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Today it is known that $AD$ (the axiom of determinacy of games played with integers) is true in $L(\mathbb{R})$. Has it been proven that this is the only model in which $AD$ is true? Have other models been identified in which $AD$ is true? Of course, I am asking about genuine models, since we can force over $L(\mathbb{R})$ and still keep enough $AD$. A related question is the following: how different from $L(\mathbb{R})$ is the universe $V$? Thx.

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There are many models where AD holds, but of course this depends on what background assumptions you allow. You can get models of the form $L(\Gamma,{\mathbb R})$ where $\Gamma$ is a collection of sets of reals, for example, and the larger $\Gamma$ is, the more interesting the model you obtain. – Andrés E. Caicedo Nov 20 '11 at 22:02
I have to say that I am a bit puzzled by the statement "today it is known that AD is true in $L(\mathbb R)$". I understand what you mean, under large cardinal assumptions AD is true in $L(\mathbb R)$, but most people, no matter how close to the Berkeley school of set theory, usually feel the need to mention that large cardinal assumptions are necessary here. – Stefan Geschke Nov 21 '11 at 13:41

I'm not sure what you mean by "genuine models", but let me comment on how different $L(\mathbb R)$ is from $V$. They look very different to me. Partly this is because the axiom of choice holds in $V$ and fails rather spectacularly in $L(\mathbb R)$. For example, AD implies that $\aleph_n$ is singular whenever $3\leq n\leq\omega$, so the cardinal structure of $L(\mathbb R)$ looks very different from that of $V$. Even where they agree, for example at $\aleph_1$ (which is the same in $L(\mathbb R)$ as in $V$), there's a big difference as to what subsets are present. AD implies that the club filter on $\aleph_1$ is an ultrafilter, so all of $V$'s stationary co-stationary subsets of $\aleph_1$ are missing from $L(\mathbb R)$.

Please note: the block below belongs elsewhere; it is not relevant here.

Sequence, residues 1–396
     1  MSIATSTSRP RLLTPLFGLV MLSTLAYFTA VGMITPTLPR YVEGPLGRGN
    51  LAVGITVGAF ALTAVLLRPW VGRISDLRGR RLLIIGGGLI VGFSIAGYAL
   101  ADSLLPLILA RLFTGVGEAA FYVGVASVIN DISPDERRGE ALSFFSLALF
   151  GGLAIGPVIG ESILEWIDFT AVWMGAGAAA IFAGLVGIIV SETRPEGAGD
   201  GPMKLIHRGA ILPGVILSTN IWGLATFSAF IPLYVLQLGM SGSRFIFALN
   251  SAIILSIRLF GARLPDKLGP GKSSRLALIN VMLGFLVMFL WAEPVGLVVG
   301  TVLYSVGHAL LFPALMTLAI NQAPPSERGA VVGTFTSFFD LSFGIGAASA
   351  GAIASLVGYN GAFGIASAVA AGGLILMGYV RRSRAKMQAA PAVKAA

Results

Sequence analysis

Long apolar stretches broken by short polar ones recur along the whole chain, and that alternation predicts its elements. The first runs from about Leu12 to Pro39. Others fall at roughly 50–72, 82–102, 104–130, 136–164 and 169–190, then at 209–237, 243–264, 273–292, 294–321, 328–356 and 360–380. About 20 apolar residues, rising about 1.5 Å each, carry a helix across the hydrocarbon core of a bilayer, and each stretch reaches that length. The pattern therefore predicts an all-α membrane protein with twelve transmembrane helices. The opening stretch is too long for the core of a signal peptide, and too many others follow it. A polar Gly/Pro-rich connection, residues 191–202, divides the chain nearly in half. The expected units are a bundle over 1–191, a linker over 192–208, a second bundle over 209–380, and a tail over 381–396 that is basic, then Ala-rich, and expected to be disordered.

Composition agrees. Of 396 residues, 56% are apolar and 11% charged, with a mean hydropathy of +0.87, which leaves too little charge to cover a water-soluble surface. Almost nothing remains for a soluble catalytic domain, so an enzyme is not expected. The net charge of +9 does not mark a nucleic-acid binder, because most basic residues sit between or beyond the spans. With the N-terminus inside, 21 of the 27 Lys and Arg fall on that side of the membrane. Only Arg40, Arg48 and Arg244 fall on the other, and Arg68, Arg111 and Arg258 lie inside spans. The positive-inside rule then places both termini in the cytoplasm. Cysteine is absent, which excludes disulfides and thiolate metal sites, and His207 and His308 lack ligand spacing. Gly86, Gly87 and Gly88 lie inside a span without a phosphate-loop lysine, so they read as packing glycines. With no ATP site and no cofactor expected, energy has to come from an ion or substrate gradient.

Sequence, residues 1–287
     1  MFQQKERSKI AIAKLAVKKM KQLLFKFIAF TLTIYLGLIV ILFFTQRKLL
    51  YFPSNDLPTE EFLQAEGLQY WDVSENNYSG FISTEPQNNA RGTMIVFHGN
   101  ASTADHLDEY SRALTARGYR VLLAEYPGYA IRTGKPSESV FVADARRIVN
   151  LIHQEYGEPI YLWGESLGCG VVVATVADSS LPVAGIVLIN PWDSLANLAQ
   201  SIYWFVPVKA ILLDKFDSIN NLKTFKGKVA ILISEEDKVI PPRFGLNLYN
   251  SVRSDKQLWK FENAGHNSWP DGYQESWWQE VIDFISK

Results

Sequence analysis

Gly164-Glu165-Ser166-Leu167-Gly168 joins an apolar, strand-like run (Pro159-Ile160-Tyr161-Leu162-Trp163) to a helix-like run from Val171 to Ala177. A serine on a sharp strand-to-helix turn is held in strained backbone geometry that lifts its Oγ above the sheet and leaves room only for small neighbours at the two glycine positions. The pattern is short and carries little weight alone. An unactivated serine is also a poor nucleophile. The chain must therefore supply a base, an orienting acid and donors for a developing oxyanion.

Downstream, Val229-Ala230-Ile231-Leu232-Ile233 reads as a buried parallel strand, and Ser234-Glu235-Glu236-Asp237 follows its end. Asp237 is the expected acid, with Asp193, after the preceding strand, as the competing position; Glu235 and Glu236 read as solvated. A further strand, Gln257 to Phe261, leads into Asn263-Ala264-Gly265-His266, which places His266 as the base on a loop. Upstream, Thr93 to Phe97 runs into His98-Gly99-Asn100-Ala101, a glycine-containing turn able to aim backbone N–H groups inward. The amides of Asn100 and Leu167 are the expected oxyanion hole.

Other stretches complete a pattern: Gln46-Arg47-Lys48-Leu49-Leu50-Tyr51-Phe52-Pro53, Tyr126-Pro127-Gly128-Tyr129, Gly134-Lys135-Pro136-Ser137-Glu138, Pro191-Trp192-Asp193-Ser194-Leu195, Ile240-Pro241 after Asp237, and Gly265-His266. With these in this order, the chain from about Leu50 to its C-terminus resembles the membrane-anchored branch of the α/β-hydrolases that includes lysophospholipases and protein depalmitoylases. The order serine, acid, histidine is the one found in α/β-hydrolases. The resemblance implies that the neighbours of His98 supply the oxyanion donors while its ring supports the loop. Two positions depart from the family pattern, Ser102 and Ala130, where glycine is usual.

A more philosophical (by which I mean imprecise and not mathematical) reason to think $L(\mathbb R)$ differs greatly from $V$ is that it seems entirely implausible to me that the whole universe should be constructible from any single set. I expect to see more and more complexity the higher up I go in the cumulative hierarchy --- and not just complexity of ordinals.

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Thx for your answer. I should have made my second question more precise, sorry about that. What I wanted to mean is what difference is there in terms of truth. For instance do they agree for $\Sigma_3$ or $\Pi_2$ statements? But still I am more interested in knowing if there is some other model in which $AD$ is true. By genuine I mean, not a model constructed by forcing over $L(\mathbb{R})$ while keeping $AD$. – Carlo Von Schnitzel Nov 20 '11 at 21:49

To answer the first question, like Andres mentioned, larger models $L(\Gamma,\mathbb{R})$ of AD can behave quite differently from $L(\mathbb{R})$. For example they can satisfy AD$_{\mathbb{R}}$, the axiom of determinacy for Gale-Stewart games played on $\mathbb{R}$, which fails in $L(\mathbb{R})$. (This is because it implies the Axiom of Uniformization, i.e., that every binary relation on $\mathbb{R}$ contains a function with the same domain, whereas in a model such as $L(\mathbb{R})$ where every set is ordinal-definable from a real, the set of pairs $(x,y)$ such that $y$ is not ordinal-definable from $x$ cannot be uniformized.)

To add to Andreas's answer to the second question, there is a $\Sigma_1$ statement in the parameter $\mathbb{R}$ that is true under ZFC but false under AD, namely the existence of an injection $\omega_1 \to \mathbb{R}$. (This is easily seen to be inconsistent with a countably complete nonprincipal ultrafilter on $\omega_1$.)

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